PROJECT 1

ADAM C. KNAPP

Monday, February 18

For the following project, everyone should choose exactly one of the suggested projects in the

sections below. (If you have your own idea for a project which covers similar material, feel free to

suggest it.)

In either case, you should create a document which discusses the model you created and the choices

that were involved. It should include any data or graphs that you generate and any Matlab code, in an

appendix. Be sure to thoroughly explore your model for interesting behavior!

I do expect you to come to office hours for this project!

- Finite Element Method for the 1D Wave Equation

The wave equation is partial differential equation (PDE) which describes how any of a variety of

waves (pressure, light, etc.) travel through a medium or space. A general form, where φ is a function of

time, t, and a collection of spatial coordinates, x1, . . . , xN, is

∂2φ

∂t2

= ∆φ = XNi=1

∂2

∂x2i φ

The version with one spatial dimension simplifies to

∂2

∂t2φ(t, x) = ∂2

∂x2φ(t, x)

Although this is a fairly simple PDE with many known features and solution techniques, it is still

fundamentally an infinite dimensional problem since φ lies inside a function space.

Our goal will be to create a simplified, finite dimensional, model by approximating the spatial

dimension by a finite number of points. Essentially, our model is that of a linkage of springs (governed

by Hooke’s law) as shown in Figure 1.

This is a (simplified) case of what is called the “Finite Element Method”.

Figure 1. Crude drawing of a collection of masses and springs, with two fixed walls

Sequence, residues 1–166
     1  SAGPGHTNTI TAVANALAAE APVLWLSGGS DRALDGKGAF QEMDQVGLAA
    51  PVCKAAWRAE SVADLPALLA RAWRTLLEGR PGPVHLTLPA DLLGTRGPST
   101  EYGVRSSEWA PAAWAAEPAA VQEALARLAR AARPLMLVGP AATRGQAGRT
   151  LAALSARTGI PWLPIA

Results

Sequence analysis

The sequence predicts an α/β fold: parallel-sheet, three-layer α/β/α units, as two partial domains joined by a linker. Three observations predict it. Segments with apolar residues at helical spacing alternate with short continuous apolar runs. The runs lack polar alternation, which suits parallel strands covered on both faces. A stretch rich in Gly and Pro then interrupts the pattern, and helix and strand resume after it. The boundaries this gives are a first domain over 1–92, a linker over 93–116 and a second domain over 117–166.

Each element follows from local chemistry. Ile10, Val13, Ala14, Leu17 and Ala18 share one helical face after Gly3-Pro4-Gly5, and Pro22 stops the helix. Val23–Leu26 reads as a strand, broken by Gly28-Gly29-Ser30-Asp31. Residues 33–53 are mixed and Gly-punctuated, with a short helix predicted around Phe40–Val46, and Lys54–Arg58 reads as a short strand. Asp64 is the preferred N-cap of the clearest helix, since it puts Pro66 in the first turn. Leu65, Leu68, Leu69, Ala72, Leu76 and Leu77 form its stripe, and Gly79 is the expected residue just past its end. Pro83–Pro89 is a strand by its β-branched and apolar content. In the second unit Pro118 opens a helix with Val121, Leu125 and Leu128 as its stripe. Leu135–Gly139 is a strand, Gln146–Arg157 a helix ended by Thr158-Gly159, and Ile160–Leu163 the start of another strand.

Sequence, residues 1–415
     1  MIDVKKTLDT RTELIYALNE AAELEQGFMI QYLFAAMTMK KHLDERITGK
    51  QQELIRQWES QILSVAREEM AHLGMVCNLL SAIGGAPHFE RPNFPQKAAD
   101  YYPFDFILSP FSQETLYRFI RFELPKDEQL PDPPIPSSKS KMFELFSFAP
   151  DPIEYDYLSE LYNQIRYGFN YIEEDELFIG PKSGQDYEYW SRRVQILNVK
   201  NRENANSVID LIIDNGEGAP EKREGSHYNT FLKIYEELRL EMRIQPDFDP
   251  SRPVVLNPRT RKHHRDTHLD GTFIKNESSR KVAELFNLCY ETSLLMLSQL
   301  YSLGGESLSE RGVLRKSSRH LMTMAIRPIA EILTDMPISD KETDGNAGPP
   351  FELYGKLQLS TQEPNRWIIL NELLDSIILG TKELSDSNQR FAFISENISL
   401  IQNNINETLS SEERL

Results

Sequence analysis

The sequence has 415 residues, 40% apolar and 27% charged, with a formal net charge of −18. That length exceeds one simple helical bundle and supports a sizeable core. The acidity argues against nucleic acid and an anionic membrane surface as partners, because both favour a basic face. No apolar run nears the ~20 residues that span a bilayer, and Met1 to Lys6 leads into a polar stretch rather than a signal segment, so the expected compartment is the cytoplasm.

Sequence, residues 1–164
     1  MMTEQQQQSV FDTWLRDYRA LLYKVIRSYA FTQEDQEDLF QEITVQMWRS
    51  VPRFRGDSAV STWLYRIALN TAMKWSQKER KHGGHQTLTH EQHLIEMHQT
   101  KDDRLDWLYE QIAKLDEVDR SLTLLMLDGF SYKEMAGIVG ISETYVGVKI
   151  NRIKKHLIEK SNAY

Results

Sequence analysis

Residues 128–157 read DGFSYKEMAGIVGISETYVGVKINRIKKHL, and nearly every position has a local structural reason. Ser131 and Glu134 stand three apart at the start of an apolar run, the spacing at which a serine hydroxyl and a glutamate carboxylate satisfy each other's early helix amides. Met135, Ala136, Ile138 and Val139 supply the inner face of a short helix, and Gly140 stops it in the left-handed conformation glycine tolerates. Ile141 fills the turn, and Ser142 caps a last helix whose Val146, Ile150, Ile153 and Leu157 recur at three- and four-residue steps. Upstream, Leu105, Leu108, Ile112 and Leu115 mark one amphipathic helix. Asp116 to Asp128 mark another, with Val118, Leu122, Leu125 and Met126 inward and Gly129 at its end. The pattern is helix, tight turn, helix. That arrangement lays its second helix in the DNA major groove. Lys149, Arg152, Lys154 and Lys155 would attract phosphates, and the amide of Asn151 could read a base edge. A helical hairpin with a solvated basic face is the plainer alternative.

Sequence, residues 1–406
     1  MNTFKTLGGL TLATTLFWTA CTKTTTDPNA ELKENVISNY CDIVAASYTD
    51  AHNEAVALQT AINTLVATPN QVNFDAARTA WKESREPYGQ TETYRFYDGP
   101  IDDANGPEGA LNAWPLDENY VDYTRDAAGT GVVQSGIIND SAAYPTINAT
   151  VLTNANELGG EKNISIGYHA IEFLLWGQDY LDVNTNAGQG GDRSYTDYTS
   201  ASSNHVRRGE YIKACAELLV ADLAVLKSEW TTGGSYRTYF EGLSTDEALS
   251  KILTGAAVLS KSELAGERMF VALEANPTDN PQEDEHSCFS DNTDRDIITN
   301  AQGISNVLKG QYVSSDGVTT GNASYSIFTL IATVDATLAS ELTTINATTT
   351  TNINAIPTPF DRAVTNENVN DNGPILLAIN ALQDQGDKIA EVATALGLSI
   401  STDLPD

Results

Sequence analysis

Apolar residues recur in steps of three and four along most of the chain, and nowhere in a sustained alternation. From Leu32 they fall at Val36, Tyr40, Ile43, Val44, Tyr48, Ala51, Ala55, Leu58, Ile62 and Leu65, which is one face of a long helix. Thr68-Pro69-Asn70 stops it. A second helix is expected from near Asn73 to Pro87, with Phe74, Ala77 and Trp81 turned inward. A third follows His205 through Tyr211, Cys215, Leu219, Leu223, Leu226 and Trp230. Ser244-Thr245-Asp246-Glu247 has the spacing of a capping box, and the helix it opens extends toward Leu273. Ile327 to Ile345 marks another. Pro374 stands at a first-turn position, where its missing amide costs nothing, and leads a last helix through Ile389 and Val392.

1.1. Minimum Tasks.

• Find a collection of parameters and variables to describe the system. Write down any relations

between the variables. For example, in Figure 1 I have added two fixed walls which lead to a

constraint on the total lengths of the springs.

• Write down the forces acting on a mass and translate this to a 1st order ODE on phase space.

• Implement the ODE in Matlab.

• Examine a collection of initial values.

• Plot solutions as positions of masses.

1.2. Suggested Explorations.

• See if you can get waves to reflect off of the walls.

• What happens when the masses are different on the left and right?

• What happens when the spring constants are different on the left and right?

2. Multi-species predator-prey

In this project you will modify the Lotka-Volterra equations to model several species. Recall the

equations from class:

x0 = ax x bxy

y0 = cy + dxy

with parameters a, b, c, d > 0. Here x gives the prey population and y the predator population. The

parameters a, c give self-growth rates while b, d give species interaction effects.

You will add several more species, each a predator or prey and add interaction terms

2.1. Minimum Tasks.

• Update the model to have one predator species and two prey species. Explore what happens

when the interaction terms between the predator and the two prey species differ.

• Similarly, explore the effects of two predator species on one prey species.

2.2. Suggested Explorations.

• What if a predator had a predator?

• Explore the effects of a “W” shaped ecology. That is, two prey species and three predators.

One predator can consume both prey species while the other two can only consume one. Do

changes in population for the predators at the ends of the W propagate through the system? In

what way?

• Can you create the unstable system described in the following article?

https://www.quantamagazine.org/how-nature-defies-math-in-keeping-ecosystems-stable-20180926/

i.e. An ecosystem with two species whose self-reinforcing benefit to each other drive all other

species to go extinct?

American University, Washington, DC 20016

Email address: knapp@american.edu